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Everything You Need to Win at Omnichannel Marketing

Omnichannel marketing is so much more than just a catchphrase.  Let’s face it, the reality is that before a customer will most likely buy a product from an online store, he/she first needs to trust the brand.

With the right omnichannel strategies, you can offer your customers a smooth, coordinated experience. Omnichannel marketing can help to portray your brand as more trustworthy as this type of marketing strategy lets all the different channels work together to convey a uniform brand and voice.

How is omnichannel marketing different from multichannel marketing?

The main difference between omnichannel and multichannel marketing is that with omnichannel marketing customers are placed at the core of your strategy, while multichannel marketing instead places the brand at the core of the strategy. This means that with omnichannel marketing you will tweak your messages based on the interactions of your customers with the different channels, while if you opt for multichannel marketing you will simply send the same message to all of your customers irrespective of which channel that you are using.

In short, with the help of omnichannel marketing, your customers will receive personalised messages. These messages will be very closely connected to what they are searching for irrespective of on which channel they are browsing.

Is omnichannel marketing effective?

Recently Omnisend analysed billions of campaigns and the data revealed that customers’ reaction to omnichannel marketing was significantly better. In fact, marketers who used more than two channels in their marketing campaigns were rewarded with almost 19% better engagement! Those who opted for only a single channel enjoyed just slightly over 5% engagement.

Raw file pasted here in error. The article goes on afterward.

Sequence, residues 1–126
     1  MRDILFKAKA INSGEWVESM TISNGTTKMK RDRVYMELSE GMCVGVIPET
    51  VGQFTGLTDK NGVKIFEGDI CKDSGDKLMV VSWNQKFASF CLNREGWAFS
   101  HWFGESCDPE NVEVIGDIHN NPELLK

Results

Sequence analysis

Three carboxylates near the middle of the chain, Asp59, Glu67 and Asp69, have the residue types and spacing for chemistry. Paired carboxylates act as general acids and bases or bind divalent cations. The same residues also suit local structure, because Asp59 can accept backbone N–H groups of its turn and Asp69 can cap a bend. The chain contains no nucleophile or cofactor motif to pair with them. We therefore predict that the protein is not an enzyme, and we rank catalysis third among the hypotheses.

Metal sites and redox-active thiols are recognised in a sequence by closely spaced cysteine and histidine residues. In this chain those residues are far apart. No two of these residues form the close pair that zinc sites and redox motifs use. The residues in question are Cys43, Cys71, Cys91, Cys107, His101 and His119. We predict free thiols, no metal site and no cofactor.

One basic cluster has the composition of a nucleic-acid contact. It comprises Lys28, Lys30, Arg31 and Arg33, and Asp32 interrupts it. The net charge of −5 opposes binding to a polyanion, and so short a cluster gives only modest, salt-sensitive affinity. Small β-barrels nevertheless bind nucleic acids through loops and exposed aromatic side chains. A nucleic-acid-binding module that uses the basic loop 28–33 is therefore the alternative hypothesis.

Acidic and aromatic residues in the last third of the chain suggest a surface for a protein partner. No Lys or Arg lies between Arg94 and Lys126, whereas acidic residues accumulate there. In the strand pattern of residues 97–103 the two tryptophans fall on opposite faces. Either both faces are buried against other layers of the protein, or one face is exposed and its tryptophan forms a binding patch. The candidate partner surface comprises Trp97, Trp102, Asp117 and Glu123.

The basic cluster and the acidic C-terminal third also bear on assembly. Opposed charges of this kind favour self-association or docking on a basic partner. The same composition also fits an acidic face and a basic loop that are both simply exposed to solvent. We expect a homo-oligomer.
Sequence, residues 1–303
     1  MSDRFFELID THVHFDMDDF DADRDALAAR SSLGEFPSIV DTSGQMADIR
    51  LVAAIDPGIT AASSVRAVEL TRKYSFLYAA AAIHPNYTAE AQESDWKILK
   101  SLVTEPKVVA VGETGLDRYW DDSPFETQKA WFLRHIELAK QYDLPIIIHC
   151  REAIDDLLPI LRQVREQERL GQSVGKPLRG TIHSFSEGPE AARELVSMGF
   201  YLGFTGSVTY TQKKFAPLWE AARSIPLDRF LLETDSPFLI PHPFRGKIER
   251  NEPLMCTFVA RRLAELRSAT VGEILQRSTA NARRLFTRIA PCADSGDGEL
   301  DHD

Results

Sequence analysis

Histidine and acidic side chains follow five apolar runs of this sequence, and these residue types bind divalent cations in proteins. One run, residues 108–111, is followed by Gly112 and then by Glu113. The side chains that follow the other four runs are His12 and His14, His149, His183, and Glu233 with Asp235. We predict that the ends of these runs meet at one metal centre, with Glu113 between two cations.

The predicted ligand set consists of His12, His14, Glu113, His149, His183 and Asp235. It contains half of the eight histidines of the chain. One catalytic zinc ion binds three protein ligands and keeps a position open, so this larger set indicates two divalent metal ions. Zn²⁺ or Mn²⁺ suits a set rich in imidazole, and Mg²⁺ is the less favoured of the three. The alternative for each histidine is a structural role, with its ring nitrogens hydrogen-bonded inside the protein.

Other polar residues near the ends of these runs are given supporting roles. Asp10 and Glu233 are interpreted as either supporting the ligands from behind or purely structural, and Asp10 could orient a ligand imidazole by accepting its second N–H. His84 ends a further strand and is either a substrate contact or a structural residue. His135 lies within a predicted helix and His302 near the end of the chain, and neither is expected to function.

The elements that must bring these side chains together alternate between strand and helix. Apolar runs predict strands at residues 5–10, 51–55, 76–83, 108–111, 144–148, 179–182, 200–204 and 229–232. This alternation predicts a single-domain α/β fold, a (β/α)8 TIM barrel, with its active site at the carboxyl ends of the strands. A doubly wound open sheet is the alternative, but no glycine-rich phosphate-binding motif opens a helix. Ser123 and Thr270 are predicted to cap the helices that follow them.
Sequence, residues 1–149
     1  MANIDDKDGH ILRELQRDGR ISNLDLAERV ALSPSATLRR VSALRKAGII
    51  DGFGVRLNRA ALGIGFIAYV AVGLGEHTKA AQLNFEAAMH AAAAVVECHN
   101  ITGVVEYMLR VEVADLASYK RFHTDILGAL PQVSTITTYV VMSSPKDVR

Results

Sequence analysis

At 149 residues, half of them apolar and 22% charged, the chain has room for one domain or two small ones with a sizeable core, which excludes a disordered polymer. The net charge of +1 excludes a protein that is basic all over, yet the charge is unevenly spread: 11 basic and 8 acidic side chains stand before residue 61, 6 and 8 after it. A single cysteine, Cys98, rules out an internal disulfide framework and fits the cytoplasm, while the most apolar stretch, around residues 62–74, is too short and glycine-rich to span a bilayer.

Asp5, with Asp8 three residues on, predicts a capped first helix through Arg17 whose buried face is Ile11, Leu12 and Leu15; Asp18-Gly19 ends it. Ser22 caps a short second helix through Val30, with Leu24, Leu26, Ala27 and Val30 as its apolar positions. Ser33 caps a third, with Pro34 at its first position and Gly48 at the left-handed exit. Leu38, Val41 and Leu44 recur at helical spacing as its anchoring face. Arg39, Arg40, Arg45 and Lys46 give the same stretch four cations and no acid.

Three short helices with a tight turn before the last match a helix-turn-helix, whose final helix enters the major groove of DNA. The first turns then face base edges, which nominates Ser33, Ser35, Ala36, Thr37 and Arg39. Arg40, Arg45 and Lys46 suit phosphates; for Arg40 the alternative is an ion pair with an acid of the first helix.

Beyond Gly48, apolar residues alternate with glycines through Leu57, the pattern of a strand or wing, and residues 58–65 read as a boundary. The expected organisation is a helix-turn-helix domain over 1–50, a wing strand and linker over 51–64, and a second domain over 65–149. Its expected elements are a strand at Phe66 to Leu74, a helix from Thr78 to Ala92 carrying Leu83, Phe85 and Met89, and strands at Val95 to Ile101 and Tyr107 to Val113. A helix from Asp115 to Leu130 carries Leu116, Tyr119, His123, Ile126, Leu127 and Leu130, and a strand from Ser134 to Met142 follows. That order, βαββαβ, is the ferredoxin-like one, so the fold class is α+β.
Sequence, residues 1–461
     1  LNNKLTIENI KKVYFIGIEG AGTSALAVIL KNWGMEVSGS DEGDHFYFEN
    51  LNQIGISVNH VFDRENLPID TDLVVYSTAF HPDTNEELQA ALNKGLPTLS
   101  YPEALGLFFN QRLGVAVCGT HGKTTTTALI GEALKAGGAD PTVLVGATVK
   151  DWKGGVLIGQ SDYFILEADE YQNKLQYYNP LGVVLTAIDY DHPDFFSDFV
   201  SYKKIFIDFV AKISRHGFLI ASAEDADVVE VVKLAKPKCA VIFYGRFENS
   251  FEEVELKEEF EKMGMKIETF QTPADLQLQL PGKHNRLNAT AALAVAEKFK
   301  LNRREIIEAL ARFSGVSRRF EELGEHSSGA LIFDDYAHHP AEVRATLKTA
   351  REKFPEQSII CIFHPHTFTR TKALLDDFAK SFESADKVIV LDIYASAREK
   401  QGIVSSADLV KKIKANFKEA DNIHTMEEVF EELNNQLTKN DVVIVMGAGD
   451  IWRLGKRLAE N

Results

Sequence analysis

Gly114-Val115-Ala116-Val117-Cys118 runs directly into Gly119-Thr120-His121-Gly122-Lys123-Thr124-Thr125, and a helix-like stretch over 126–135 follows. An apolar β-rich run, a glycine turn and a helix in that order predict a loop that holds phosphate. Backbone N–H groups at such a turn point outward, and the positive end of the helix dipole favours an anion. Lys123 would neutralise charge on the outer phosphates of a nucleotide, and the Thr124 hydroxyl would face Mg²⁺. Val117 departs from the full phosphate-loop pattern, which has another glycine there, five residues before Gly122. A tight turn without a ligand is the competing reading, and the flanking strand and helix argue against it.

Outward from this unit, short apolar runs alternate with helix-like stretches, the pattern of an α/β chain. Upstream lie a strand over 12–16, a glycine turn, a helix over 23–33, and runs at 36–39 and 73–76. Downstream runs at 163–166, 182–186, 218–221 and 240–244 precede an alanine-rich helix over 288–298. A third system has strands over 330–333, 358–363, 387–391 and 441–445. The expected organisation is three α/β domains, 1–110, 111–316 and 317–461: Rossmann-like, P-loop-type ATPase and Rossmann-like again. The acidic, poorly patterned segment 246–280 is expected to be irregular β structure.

What is more, omnichannel marketing campaigns that used more than two channels also managed to earn close to a 300% higher purchase rate! Their customers also spent about 13% more on average too! In other words, these stats reveal that by using three or more channels you can look forward to better engagement, more purchases and more revenue.

That being said, if revenue is not your be-all and end-all and you actually care about your customers, you will be happy to know that the retention rate for omnichannel marketing campaigns is also much better. Marketing campaigns that used more than two channels boasted almost a 100% higher retention rate. This proves to show that your customers will value the touch of personalisation that omnichannel marketing can offer them.

After all, repeat customers are the best! Not only do they typically spend more money, but they will also market your brand for you by word of mouth. Now, considering that omnichannel marketing can help you to get more repeat customers, this is a strategy that your business surely cannot afford to ignore.

How to implement omnichannel marketing

It does not matter if you are just a small e-commerce brand, you too can benefit from launching an omnichannel marketing strategy. With the help of the following four practical tips, you can implement omnichannel marketing easily and use it effectively.